The Mickey and Friends verses (like the Mouse comics and the Duck comics) goes the “humans with animal forms” route with its more anthropomorphic (“Animals with Many Human Traits” appearance-wise) animals like Mickey Mouse, Minnie Mouse, Donald Duck, Daisy Duck, Huey, Dewey and Louie, Scrooge McDuck, and Ludwig von Drake. However, unlike Maus, the animal forms are literal, they are half dressed (shirtless mice and pantsless ducks), and what kind of human sounds quacky in a typical natural voice. This makes it harder to see them as basically humans who just happen to be done with animal forms.

It’s easier to see Goofy, Max, the Beagle Boys, Duckworth (he’s not a duck), and their ilk (Dogfaces), as well as Pete and PJ in Goof Troop, A Goofy Movie, and An Extremely Goofy Movie, as being basically “humans with animal forms” because even though their animal forms are still literal, they are more anthropomorphic, either “humans in animal suits,” “animals heads on human bodies,” or “humans with animal traits” (like Roxanne in A Goofy Movie) in appearance. They also dress as fully as any human – shirt, pants, shoes, and all.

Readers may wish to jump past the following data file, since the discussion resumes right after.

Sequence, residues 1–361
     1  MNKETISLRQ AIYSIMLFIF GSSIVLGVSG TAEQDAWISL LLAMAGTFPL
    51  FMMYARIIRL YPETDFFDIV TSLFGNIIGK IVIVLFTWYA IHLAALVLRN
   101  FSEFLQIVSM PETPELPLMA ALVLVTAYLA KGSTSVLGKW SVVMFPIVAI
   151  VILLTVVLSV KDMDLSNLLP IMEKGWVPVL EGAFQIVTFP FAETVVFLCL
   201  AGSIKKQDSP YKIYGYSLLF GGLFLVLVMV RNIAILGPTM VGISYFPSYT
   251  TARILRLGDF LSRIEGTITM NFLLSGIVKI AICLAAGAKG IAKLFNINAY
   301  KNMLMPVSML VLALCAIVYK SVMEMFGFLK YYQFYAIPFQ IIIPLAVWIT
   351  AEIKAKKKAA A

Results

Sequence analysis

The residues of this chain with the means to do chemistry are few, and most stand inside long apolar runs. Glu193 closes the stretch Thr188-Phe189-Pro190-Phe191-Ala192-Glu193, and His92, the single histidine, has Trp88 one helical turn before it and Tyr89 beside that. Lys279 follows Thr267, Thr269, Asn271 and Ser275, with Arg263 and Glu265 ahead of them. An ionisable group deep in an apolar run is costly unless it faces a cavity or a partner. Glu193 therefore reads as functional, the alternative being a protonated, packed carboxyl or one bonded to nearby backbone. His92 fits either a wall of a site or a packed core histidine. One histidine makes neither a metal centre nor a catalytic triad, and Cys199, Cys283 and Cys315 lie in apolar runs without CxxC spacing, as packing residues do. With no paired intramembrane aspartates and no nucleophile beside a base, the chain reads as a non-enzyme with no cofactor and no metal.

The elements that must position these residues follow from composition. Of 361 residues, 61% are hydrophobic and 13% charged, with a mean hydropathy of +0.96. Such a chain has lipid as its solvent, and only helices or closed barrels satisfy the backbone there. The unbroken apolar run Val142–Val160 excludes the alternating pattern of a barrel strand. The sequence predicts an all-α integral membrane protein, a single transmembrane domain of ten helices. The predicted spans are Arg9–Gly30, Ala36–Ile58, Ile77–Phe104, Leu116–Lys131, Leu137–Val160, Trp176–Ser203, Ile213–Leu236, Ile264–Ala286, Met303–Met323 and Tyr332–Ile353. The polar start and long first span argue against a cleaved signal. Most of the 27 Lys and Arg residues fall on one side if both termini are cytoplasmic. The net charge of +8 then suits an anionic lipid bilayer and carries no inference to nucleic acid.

Also, there are some less anthropomorphic animals (Milton the cat, Chip n’ Dale, Humphrey Bear, And Louie the mountain lion) and slightly anthropomorphic animals (Pluto, Dinah the Dachshund, Butch the Bulldog, Fifi the Peke, Chainsaw, Figaro, Mr. Pettibone, and Waffles) who are portrayed either as “normal animals” or “animals with human traits.” This, along with making the “normal animals” pets to the anthropomorphic animals (Mickey has Pluto, Goofy has Mr. Pettibone and Waffles, Pete and Peg have Chainsaw, and Minnie has Fifi and Figaro), only makes these universes rife with Furry Confusion.